Túnel

Túnel is a division of the Yvýrupi Group, a team of specialists in astronomy and astrophysics, and all related subjects. Co-founded by Camilla Hoffmann and Juan Domingos, based in Espírito Santo, it is a non-profit institute that is led by constant research in astronomy and also is conducted as a tutoring group in extension courses. Túnel is a powerhouse for wanderers who look up.



To interpret the institute, binary code was the main source of inspiration due to the co-founders’ passion for it. Also, as the binary code is consisted of ‘0’ or ‘1’, the Arecibo Message inspired the visuals represented in this project. Sent to space on November 16, 1979, in Puerto Rico, it is an interstellar radio message carrying in basic information about humanity and Earth on a journey to globular star cluster M13, hoping to communicate with extraterrestrial beings. The branding was kept simple with sparkles of dynamism borrowed from Arecibo. The blue color combined with a selected grey color scheme is the key factor representation of life co-existing in the unending expansion that is the universe. The result is an uncanny grid with symmetrical and dynamic visuals. Regarding the materials, for all the collateral work, I used luxury paper recycled from used coffee cups, which employed a special touch and feeling to the project reminding us of reusability that interestingly is one of the many of NASA’s goals: reusing stuff and coping with the environment in their future endeavours. As for the finishings, embossing was applied on the logo – and entirely on the grey card – to amplify sensorial experience, and a rounded business card, which ended up becoming a frame, is the key through which Túnel may communicate originally.


All the work that I’m commissioned to starts with anything-that-leaves-a-mark tool and my sketchbook. Incredibly, in the 21st century, personally, yet, no software is able to replace early sketches out of one’s creative mind. It’s freeing and more practical when I’m approaching ideas and layouts. However, surely, right after spending some four/five pages on that I head on to try on Illustrator. At the moment, my main tools when creating for branding projects are Illustrator, Photoshop and InDesign. For Túnel, there’s more involved to it than what meets the eyes, but I may say that in this specific project everything you can see was being designed simultaneously from beginning to conception. As I always say, processes may vary in each project depending on all sorts of aspects. In addition, the logotype was entirely redesigned from an open-source typeface called Inter UI – the family type chosen, including, specially, kerning adjustments (not that the typeface family required any, but it was done to let Túnel reclaim its ownership). As said previously, worth mentioning, though, the logo – Túnel’s own spaceship -, is an inspiration from the Arecibo Message. In addition to that, the layout around the logo and logotype is a reference of the solar system – being the sun the center and all planets surrounding it.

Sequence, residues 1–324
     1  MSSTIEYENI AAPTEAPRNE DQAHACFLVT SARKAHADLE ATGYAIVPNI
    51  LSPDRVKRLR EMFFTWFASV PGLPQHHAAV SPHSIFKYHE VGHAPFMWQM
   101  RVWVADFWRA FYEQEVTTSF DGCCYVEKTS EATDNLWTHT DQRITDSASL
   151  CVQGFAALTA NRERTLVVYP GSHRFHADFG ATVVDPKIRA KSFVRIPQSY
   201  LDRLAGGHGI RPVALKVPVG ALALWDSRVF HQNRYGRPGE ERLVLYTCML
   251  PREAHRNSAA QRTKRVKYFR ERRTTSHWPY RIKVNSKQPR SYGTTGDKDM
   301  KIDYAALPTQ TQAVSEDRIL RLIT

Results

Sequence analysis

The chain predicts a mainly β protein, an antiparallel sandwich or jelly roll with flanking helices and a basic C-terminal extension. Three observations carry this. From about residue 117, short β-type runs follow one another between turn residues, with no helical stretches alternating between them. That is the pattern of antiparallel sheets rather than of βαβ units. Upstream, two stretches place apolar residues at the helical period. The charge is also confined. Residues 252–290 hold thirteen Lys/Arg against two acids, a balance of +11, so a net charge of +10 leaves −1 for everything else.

I was commissioned by Camilla Hoffmann and Juan Domingos, Túnel co-founders. The first thing whenever a client approaches me, I ask them for reciprocal trust. Both of us want the best for their endeavours and we should let our egos out in every meeting so that tastes may be avoided and we see together what’s best for the project. I say it plainly. In this case, Camilla and Juan were sincere and open-minded, so it was comfortable and easy to collaborate with them to bring Túnel to life. As for other, the projects was released a few days only, so it’s pretty much early to get any level of response to that. However, as many graphic designers vigorously wait for approval, I prefer to move on to the next project and with life. I try not to focus on right now. There’s this saying that is always with me – I forgot the author, though -, which is: “For some people to like it, others have to hate it.”. Period.

In the vast ocean of alikeness, try to be yourself more and know that that’s good enough. And listen to more music.

Matheus Gomes